By Lisa Johnston
New products on display at the American International Toy Fair, held in N
Bedminster, N.J. — Verizon Wireless grew its operating income by 30 percent in the fourth quarter and 19.4 percent for the year on single-digit gains in operating revenue in both periods.
The operating-income gains came from rising operating margins, rising average revenue per account, an expanded subscriber base, and a growing base of 4G LTE subscribers, whose data consumption rises as they switch to faster 4G phones.
Combining smartphones and devices such as tablets, 44 percent of year-end postpaid connections were on the LTE network, up from a year-ago 23 percent, the carrier said.
Operating income gains also came from fewer fourth-quarter activations of retail postpaid smartphones, which the carrier subsidizes, compared with the year-ago quarter.
A total of 8.8 million retail postpaid smartphones were activated in the fourth quarter, down from the year-ago 9.8 million but up from the third quarter’s 7.6 million, the second quarter’s 7.5 million, and the first quarters 7.2 million. iPhone activations weren’t broken out.
The carrier upgraded fewer phones as a result of “policy changes,” said chief financial officer Fran Shammo. The end of 2012 also saw Verizon offer a free iPhone for the first time, driving up upgrade activity in late 2012, he noted.
Total operating revenues were up 5.7 percent for the quarter to $21.1 billion and up 6.8 percent for the year to $81 billion. Operating income was up 30 percent for the quarter to $6.2 billion and up 19.4 percent for the year to $26 billion.
Wireless revenues accounted for 68 percent of Verizon Communications’ consolidated revenues in the fourth quarter.
Operating income margin rose to 29.5 percent in the quarter compared with a year-ago 24 percent. For the full year, operating income margin hit 32.1 percent, up from the previous year’s 28.7 percent.
Average revenues per retail postpaid account rose to $157.21 from the previous quarter’s $155.74 and from the year-ago $146.80. For the full year, average revenues per account were up 6.9 percent, or almost $10/month.
Retail postpaid churn fell sequentially to 0.96 percent from the third quarter’s 0.97 percent. Normally, said Shammo, fourth-quarter churn rates usually rise on a sequential basis.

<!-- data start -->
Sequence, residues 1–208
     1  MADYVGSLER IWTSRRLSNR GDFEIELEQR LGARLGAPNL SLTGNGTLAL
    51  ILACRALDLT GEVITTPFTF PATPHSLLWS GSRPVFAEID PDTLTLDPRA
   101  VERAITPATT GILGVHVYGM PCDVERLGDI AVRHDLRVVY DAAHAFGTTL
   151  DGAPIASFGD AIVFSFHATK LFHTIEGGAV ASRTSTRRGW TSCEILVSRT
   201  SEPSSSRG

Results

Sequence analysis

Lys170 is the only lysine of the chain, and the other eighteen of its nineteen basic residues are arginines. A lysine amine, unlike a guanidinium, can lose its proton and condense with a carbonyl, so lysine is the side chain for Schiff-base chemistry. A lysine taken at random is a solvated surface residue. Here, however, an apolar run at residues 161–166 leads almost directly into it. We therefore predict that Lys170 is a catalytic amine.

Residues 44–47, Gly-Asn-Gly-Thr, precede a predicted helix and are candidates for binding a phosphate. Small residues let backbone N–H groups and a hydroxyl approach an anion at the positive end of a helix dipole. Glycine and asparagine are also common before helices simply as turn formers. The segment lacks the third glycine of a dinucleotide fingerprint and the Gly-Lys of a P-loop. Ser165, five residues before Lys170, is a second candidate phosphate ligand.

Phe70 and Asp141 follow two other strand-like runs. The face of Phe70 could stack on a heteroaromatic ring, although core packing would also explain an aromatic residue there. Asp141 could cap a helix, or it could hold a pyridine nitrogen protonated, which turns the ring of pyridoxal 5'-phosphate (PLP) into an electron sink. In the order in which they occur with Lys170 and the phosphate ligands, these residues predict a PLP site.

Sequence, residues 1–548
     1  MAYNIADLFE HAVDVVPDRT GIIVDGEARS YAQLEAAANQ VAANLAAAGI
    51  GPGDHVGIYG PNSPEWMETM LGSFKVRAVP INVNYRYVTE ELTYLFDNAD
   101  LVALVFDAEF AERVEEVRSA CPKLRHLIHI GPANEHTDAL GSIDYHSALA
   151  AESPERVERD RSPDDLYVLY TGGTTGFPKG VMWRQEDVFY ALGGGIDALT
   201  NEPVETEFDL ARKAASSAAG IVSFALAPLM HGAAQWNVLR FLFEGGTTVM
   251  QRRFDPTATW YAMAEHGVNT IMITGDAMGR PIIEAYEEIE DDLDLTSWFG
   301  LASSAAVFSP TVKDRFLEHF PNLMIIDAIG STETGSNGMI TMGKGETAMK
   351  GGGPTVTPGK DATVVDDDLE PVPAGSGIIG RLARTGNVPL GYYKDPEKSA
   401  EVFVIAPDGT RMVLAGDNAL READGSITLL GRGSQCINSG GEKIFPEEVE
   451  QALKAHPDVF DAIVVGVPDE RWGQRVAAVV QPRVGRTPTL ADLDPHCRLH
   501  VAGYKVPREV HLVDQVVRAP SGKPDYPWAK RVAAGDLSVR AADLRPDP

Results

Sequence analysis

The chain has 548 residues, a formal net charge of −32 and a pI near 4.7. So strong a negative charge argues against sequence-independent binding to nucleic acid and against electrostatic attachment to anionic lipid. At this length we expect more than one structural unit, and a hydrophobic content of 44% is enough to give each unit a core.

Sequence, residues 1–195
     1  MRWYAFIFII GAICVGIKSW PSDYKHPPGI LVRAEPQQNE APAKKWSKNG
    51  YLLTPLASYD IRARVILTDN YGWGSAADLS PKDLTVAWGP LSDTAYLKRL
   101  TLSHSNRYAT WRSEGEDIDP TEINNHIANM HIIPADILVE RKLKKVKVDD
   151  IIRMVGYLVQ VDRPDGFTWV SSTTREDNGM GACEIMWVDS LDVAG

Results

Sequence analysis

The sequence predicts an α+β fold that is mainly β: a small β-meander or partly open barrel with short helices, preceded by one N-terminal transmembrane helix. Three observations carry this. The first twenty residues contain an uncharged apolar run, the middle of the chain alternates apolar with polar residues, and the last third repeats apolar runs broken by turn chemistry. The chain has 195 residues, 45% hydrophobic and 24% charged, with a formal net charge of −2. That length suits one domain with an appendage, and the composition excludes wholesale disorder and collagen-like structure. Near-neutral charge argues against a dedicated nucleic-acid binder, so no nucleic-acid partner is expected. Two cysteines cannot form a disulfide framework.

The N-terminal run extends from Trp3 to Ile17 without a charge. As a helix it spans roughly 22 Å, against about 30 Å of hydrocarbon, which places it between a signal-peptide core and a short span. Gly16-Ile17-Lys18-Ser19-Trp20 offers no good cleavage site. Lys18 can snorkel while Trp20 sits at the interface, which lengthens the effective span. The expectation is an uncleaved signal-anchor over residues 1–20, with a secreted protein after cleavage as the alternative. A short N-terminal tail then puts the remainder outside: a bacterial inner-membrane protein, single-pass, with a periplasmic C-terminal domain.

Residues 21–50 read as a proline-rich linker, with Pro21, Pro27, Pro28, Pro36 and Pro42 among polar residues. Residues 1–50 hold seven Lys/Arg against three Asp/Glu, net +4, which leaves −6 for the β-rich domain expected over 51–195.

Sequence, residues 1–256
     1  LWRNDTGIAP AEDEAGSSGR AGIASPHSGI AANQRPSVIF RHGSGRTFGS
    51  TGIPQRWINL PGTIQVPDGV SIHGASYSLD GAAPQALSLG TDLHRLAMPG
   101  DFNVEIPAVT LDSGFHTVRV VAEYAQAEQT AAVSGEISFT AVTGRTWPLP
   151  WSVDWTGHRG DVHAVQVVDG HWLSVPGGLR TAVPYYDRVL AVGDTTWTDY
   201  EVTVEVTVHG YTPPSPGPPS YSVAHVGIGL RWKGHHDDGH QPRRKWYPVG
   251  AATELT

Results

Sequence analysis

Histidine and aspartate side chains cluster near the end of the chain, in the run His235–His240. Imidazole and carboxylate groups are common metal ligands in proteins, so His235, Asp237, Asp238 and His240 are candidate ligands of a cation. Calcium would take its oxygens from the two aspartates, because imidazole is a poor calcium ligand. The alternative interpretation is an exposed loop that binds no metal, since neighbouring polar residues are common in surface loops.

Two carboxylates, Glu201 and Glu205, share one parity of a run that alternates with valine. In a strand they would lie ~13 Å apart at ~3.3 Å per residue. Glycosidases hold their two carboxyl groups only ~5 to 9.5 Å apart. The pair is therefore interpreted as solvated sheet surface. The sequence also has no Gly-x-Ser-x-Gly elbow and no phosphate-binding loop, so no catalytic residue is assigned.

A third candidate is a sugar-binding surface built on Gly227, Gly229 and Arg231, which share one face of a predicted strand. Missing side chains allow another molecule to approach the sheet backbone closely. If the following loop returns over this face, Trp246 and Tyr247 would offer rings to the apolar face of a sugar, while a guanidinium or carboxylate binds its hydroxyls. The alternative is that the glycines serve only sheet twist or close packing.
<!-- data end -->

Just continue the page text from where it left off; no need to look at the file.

Retail net adds (postpaid and prepaid combined) came in at 1.65 million in the quarter and 4.47 million for the year, but they were down 26.3 percent and 24.4 percent, respectively, from the year-ago periods.
Retail postpaid net additions hit 1.57 million in the quarter, down 25.1 percent from the year ago, and hit 4.12 million for the year, down 18 percent.
The carrier’s retail subscriber base ended the year with 102.8 million connections, up 4.7 percent from the year-ago period. Out of that number, 96.8 million were retail postpaid net connections, up 4.6 percent.
A total of 8.8 million retail postpaid smartphones were activated in the fourth quarter, up from the third quarter’s 7.6 million, the second quarter’s 7.5 million, and the first quarters 7.2 million. iPhone activations weren’t broken out.
Smartphones accounted for 88.9 percent of total postpaid phones activated in the quarter and 85.7 percent for the year.
As a result, by year’s end, smartphones accounted for 70 percent of the phones operating on the Verizon network, up from a year-ago 58.1 percent.
LTE phones account for a growing share of smartphone activations. In the fourth quarter, 87 percent of smartphones activated were 4G LTE smartphones.
Overall, the total number of retail postpaid-device activations, consisting of phones and products such as tablets, hit 11.5 million in the quarter, the most of any quarter of the year, but were down 10.9 percent from the year-ago quarter A total of 790,000 tablets were activated in the quarter, marking the carrier’s best quarterly showing. That brought the number of tablets activated in the year to 1.9 million. The tablet subscriber base came to 3.6 million at year’s end.
In other comments, Shammo also discounted perceptions of a price war among carriers, noting that there has been “not much of a price decrease,” just a “shift” in prices to handset prices from service prices.
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